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Last Saturday afternoon we piled into the car and headed to Gretna for a visit to Our Father’s Farm.  The farm, owned by the Fuhrmann family, is an 1800’s tobacco farm-turned family farm that raises cattle and poultry for meat, milk, and eggs.  We met the Fuhrmann’s a few months ago at the community market and after a discussion with the in-laws, decided to purchase two turkeys from the farm to dress our Thanksgiving table.

The farm was beautiful, rolling green fields dotted with grazing cows and chickens.  The beautiful family of 10 (husband, wife, grandmother, and 7 children) were honest and sweet.  We arrived just as a chef from Isabella’s, a restaurant in Lynchburg, was leaving, his Volvo SUV loaded with at least a dozen turkeys.  The Fuhrmanns informed us that Isabella’s buys all of their eggs, ground beef, chickens, and turkeys from the farm.  We were thrilled to hear of a local restaurant supporting local, sustainable family farms in such a manner.  We love Isabella’s, and I think we’ll try to support them a little more frequently when we can!

The children showed us around the farm, introducing us to the farm dog (Shadow, a lean black German Shepherd) and showing us the animals.  We helped ourselves to some cider and talked “shop” with the adults learning about the farm and how they manage it and offer produce.  As a couple of young farmers who would eventually like to do a similar enterpise, we wanted to hear what they had to say!

As we left one of the younger blonde-haired daughters offered us a loaf of whole wheat sourdough bread, fresh baked by a neighbor.  We enjoyed that bread several times with week, soft and delicious.

My favorite part?  A part I didn’t even think to photograph? (But now wish I had?)  Inside their storage room, the room lined with coolers and freezers for storing milk, eggs, and beef products, was an inscription written into the poured concrete floor surrounded by handprints and the names of family members –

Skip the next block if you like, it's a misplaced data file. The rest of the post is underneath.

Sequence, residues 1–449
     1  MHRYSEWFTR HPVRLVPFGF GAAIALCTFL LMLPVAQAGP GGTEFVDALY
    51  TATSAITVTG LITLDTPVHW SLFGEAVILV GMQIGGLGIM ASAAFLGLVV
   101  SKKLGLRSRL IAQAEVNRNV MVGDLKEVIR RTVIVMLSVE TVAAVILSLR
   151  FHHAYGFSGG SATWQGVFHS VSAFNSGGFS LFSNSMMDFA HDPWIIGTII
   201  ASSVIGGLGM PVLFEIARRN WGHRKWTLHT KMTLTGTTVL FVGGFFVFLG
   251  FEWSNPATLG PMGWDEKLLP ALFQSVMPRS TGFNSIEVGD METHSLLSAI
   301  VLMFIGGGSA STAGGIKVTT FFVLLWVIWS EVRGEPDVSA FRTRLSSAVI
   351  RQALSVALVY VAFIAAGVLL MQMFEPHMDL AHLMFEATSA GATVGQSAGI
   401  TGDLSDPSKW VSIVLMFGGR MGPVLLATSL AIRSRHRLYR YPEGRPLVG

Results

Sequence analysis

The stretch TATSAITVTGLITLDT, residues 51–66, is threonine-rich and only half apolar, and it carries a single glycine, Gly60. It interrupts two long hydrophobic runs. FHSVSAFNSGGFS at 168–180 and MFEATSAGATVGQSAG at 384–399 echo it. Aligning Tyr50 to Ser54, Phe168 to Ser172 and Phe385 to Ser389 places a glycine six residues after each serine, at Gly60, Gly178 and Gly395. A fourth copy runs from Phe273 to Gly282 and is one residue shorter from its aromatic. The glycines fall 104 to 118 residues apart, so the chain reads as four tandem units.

“A land of milk and honey”

A fitting quote, I think, for a couple of married missionaries, raising their seven (soon to be eight!) children on a farm in rural Virginia, bringing delicious, healthful, and sustainable food to a willing community.

Good for them.

And so, our turkey, which a week ago roamed green fields and feasted on green grass and bugs, rests quietly in our refrigerator.  This afternoon we’ll place him in a brine solution and roast him slowly tomorrow.  Tomorrow we’ll give thanks to God for our fortunes and sorrows and think happily of the family who cared for our turkey before us.

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Bubbling Cauldron

William Shakespeare (1564-1616)

from Macbeth

A dark Cave. In the middle, a Caldron boiling. Thunder.

Enter the three Witches.

1 WITCH. Thrice the brinded cat hath mew’d.
2 WITCH. Thrice and once, the hedge-pig whin’d.
3 WITCH. Harpier cries:—’tis time! ’tis time!
1 WITCH. Round about the caldron go;
In the poison’d entrails throw.—
Toad, that under cold stone,
Days and nights has thirty-one;
Swelter’d venom sleeping got,
Boil thou first i’ the charmed pot!
ALL. Double, double toil and trouble;
Fire burn, and caldron bubble.

*Picture of our Halloween Brunswick Stew, made with many ingredients from the farm – beef, tomatoes, lima beans, green beans, etc. 🙂

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Garden Bounty

Earth here so kind, that just tickle her with a hoe and she laughs with a harvest.  ~Douglas William A Land of Plenty

The garden continues to produce into October, as the fall garden is just starting to to take off.  On this particular day, we collected a hodge-podge of heirloom tomatoes, two kinds of lima beans, a few rose gold potatoes, and two kinds of carrots – Scarlet Nantes and Purple Haze.